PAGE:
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Okay, so that my very limited mind can understand, a tune like "Out on the Ocean" would be pentatonic because only 5 different notes are found in the tune: D, E, G, A and B. Is that so? The tune is in "D", but there is no C# and F#. Makes sens?


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PostPosted: Wed Mar 12, 2003 7:22 am 
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Azalin wrote:
Okay, so that my very limited mind can understand, a tune like "Out on the Ocean" would be pentatonic because only 5 different notes are found in the tune: D, E, G, A and B. Is that so? The tune is in "D", but there is no C# and F#. Makes sens?


Exactly. Although I'd say it's in "G".

Lots of people put in the "missing" notes in pentatonic tunes, usually in the quest for variation. For example an almost ubiquitous variation in the second part of Out on the Ocean runs up to the high g via f#.

I think one should think carefully before putting in any "missing" notes (you could make a case for saying they are totally extraneous and off-limits) because doing so can change the whole character of the tune. This also applies to hexatonic tunes, those which have one note missing, which are extremely common in Irish trad.

A couple more pure pentatonic tunes to add to the list:

Battering ram
The Cloon reel (Humours of Toomagh)


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PostPosted: Wed Mar 12, 2003 8:14 am 
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Thanks for the info. I sometimes play a triplet going to the second part which has a "C#". Does that mean that my triplet is "in the wrong key" ? Also, what makes Out on the Ocean a tune in G, since it seems to me that the D note is more "important", like finishes a phrase.

It also seems to me that pentatonic tunes area "easier" to play (no tune is easy if you wanna play it well) than others. There's "easy" patterns in pentatonic tunes I know, for example jumping from E to G (skipping the F#) etc.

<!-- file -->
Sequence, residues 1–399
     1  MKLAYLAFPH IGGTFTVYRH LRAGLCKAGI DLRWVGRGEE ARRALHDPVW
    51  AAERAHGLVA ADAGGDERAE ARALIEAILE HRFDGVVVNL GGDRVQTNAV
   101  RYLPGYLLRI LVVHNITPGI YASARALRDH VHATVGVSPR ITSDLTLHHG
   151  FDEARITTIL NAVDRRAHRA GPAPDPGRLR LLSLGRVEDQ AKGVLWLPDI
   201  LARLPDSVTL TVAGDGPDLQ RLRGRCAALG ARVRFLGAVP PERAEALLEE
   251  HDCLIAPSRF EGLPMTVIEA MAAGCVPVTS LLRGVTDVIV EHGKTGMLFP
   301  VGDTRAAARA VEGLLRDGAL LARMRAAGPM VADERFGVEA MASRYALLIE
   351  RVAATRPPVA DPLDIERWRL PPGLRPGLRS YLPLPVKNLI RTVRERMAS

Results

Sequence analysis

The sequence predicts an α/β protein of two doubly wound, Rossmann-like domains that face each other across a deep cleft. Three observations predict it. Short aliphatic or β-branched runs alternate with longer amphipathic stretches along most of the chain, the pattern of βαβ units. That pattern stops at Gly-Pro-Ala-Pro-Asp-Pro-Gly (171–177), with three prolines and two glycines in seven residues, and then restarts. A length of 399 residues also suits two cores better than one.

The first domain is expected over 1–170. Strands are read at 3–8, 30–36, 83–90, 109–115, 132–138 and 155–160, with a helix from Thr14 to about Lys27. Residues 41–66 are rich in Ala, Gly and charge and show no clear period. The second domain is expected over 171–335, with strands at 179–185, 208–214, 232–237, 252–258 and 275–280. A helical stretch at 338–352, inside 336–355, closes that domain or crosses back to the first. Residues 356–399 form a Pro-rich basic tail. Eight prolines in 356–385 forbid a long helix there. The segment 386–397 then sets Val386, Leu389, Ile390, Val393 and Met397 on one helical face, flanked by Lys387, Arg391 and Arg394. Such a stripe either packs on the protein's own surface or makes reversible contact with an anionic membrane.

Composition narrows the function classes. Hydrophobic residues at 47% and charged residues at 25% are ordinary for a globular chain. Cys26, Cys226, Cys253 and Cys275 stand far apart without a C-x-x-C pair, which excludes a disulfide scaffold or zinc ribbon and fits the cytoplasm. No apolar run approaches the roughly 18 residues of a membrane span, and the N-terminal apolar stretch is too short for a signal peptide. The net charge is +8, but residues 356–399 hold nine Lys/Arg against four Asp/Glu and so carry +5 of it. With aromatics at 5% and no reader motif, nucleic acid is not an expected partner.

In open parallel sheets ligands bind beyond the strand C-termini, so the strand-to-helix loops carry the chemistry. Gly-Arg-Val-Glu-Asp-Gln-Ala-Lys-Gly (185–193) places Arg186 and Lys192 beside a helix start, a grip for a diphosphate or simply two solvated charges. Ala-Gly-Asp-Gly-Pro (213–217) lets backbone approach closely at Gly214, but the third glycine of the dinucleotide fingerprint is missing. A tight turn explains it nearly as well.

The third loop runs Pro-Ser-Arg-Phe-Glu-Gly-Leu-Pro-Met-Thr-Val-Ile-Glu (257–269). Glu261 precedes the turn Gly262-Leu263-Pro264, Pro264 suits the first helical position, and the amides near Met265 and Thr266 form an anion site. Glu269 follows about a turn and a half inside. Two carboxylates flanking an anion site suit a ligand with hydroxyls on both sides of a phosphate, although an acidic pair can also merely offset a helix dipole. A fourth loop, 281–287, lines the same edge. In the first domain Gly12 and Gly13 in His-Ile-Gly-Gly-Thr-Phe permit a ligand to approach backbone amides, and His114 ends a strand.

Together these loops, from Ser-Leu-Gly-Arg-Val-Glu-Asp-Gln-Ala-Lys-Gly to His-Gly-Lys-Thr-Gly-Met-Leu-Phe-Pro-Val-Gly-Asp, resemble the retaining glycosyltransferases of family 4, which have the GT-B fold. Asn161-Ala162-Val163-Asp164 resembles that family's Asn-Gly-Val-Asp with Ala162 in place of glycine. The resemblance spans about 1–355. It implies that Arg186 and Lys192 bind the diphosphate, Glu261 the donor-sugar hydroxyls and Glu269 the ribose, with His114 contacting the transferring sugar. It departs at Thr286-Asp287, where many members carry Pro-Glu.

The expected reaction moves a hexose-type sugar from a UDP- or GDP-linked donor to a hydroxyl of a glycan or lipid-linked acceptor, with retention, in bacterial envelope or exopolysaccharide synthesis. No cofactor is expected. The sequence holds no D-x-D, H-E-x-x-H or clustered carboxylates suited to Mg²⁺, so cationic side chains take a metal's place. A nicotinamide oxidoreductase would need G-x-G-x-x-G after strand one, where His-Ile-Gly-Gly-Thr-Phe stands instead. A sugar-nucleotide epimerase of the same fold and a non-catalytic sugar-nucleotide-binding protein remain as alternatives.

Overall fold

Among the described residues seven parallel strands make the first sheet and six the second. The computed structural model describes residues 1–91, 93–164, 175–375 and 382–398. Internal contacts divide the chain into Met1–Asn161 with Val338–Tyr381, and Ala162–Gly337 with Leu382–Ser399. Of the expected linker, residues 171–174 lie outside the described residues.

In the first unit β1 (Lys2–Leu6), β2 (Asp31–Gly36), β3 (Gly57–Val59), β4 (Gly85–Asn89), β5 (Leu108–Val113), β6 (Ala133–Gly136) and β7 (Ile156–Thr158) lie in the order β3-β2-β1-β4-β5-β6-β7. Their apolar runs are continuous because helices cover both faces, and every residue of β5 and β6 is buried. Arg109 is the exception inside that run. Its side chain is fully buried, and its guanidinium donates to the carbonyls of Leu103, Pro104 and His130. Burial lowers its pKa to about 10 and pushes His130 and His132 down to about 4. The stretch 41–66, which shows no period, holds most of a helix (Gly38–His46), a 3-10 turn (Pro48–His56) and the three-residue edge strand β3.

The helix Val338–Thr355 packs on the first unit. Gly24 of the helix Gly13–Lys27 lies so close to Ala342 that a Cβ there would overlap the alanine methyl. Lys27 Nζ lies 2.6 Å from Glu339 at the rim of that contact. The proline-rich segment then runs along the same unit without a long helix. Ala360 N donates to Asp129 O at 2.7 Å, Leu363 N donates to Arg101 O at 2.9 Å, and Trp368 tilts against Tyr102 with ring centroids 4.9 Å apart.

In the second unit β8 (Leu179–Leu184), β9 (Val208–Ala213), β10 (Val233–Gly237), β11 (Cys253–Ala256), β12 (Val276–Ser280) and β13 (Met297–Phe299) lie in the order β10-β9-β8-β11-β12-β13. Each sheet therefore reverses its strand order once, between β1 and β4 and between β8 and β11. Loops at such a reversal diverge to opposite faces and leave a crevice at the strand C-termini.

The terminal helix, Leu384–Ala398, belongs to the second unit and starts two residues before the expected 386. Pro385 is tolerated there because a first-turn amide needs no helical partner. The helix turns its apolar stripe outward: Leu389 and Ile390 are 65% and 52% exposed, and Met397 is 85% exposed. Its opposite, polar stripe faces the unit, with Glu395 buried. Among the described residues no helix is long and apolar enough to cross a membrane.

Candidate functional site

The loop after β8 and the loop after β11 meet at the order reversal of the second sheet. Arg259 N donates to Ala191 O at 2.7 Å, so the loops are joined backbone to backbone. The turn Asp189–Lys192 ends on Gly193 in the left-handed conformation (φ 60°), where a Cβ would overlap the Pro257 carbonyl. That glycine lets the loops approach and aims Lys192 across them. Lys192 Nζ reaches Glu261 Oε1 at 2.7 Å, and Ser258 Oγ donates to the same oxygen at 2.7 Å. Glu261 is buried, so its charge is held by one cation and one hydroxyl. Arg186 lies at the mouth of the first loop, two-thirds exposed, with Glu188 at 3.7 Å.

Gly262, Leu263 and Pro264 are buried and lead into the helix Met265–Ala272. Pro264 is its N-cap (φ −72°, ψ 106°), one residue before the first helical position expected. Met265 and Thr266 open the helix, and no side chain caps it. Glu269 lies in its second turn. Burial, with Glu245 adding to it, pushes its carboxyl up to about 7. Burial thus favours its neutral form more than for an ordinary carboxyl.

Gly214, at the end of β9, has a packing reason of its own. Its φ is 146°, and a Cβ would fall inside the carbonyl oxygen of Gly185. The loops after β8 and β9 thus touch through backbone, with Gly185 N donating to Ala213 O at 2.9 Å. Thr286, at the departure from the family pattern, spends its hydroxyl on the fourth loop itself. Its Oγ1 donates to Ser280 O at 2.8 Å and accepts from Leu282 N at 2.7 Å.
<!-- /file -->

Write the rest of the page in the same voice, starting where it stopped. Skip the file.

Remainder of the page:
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PostPosted: Wed Mar 12, 2003 11:47 am 
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Azalin wrote:
I sometimes play a triplet going to the second part which has a "C#". Does that mean that my triplet is "in the wrong key" ?


Usually the notes in a triplet go by fast enough that it doesn't matter whether you use a C or a C#. Most Irish flute and whistle players I know always use a B-C#-D triplet no matter what key the tune is in.


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PostPosted: Wed Mar 12, 2003 12:09 pm 
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Brad's right about that...

OTOH if you wanted to be anally extreme about respecting the pentatonic nature of the tune, you might decide to forgo using a Bcd triplet in that tune on the grounds that _any_ kind of C is out of key, no matter how fast it flies by.

Just don't tell anyone if you do follow such a course: they'd probably look at you as if they thought you were a Raelian.

Here's another pentatonian: Glens of Aherlow (Lafferty's reel).

Pentatonic tunes can usually be played easily in at least two and sometimes three keys on the whistle.


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PostPosted: Wed Mar 12, 2003 1:27 pm 
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So, why would Out on the Ocean be in G and not in D?


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PostPosted: Wed Mar 12, 2003 3:28 pm 
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If anyone is into classical music there are some incredibly beautiful pentatonic themes in Max Bruch's "Scottish Fantasy". It's hard to believe what can be done with this 5-note scale!

Best wishes, Tom


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PostPosted: Wed Mar 12, 2003 4:32 pm 
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Azalin wrote:
So, why would Out on the Ocean be in G and not in D?


Well... The last note in the tune is often a good guide, and in this case it works (doesn't always, though, esp. in Irish trad.). In this tune there is a definite feeling of "coming home" or "coming to rest" on the final G.

Another important clue is the fact that many of the phrases revolve around G, B and D: these are the first, third and fifth notes of the G scale, or if you like the components of a G "triad" (three-note chord). An accompanist will generally be playing mostly G-chords in this tune.

Contrast this with a tune such as "Down the Back Lane", another jig that ends on G. You'd have a hard time arguing that this tune is in the key of G, even if there is just one sharp in the key signature: it's a D-mix kind of thing but ending on G: in Tomas O Cannain's analysis (borrowed from O Riada I think) it's "a tune with complex tonality". It doesn't have that feeling of "coming to rest" on G - there's a kind of unresolved feeling - it leaves you hanging.

When you get into questions of keys in Irish trad, a knowledge of standard western keys and harmony is a help - but you need to bear in mind that it only gives you part of the picture. Modes and gapped scales are among the complicating factors.

But - learning chords and arpeggios on a keyboard or guitar is a good idea. (Hey when are you coming to pick up that keyboard of yours that's lying in my basement? :wink: )